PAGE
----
My other academic achievements pre-PhD include obtaining a BSc of biochemistry from Benedictine College (Atchison, Kansas, USA) and MSc of Environmental Science from Florida Gulf Coast University (Fort Myers, Florida, USA). My masters work involved studying Florida Panther (Puma concolor coryi) habitat selection and home range dynamics in response to exotic plant removal and management within Big Cypress National Preserve (Florida, USA). Post-bachelor’s degree I immediately entered the work force studying coastal water quality, estuarine dissolved organic matter dynamics and harmful algae blooms in southwest Florida. After several years I decided it was time to purse an advanced degree and took a detour studying something outside of my existing background (wildlife ecology). I was a rather un-traditional student and while working full-time I pursed my master’s degree. After obtaining my master’s degree I moved onto studying seagrass ecology and later to Everglades restoration with a focus on water quality which led me to the wetland biogeochemistry lab at University of Florida where I (un-traditionally) achieved my PhD.

Outside of work and school I like to get lost in nature by going on long hikes through the bush, document my adventure with photography (Flickr), snorkel and scuba dive, cook vegan meals, exercise and be overall active.

24th of October 2016 – Zarah Pattison, University of Stirling

zarah-pattisonHi! I am a postdoctoral researcher at the University of Stirling working on the effects of connectivity on the abundance and presence of E.coli in freshwater lochs/lakes across the UK. This work forms part of the Hydroscape project led by Stirling University and has a great variety of scientist working on all things freshwater. I have just submitted my PhD thesis which focused on the effect of changing environmental conditions on invasive alien plants and how this may impact native vegetation communities. Now I nervously await my PhD viva in December.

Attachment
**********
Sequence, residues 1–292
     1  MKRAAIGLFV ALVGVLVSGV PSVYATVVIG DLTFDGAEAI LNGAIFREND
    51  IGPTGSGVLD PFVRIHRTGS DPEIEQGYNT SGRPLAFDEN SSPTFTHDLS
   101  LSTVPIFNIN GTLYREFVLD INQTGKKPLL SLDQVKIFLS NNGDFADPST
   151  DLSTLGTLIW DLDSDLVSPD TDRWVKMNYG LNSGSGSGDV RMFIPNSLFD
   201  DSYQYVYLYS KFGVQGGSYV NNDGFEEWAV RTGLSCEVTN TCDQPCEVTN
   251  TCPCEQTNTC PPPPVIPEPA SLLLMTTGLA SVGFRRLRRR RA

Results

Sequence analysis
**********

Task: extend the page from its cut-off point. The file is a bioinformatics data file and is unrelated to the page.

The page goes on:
My academic life is a total contrast to my previous 10 year career as a make-artist. Whilst working full-time I studied through the Open University to get the qualifications I needed to start an undergraduate degree at Royal Holloway, University of London. It was here that I changed from Zoology to Ecology and fell in love with plants and microbes. I also completed a research masters degree at Royal Holloway, assessing the role of plant-soil feedbacks in the invasive alien plant, Impatiens glandulifera (Himalayan balsam).

It is safe to say that I am now hooked on research, fieldwork and plant ID (“weeds” preferentially). As a south African woman, fuelled by coffee, I try and get involved as much as possible in STEM outreach and hope that somewhere in the near future we can encourage more young girls (and boys) to enjoy science as much as we all do!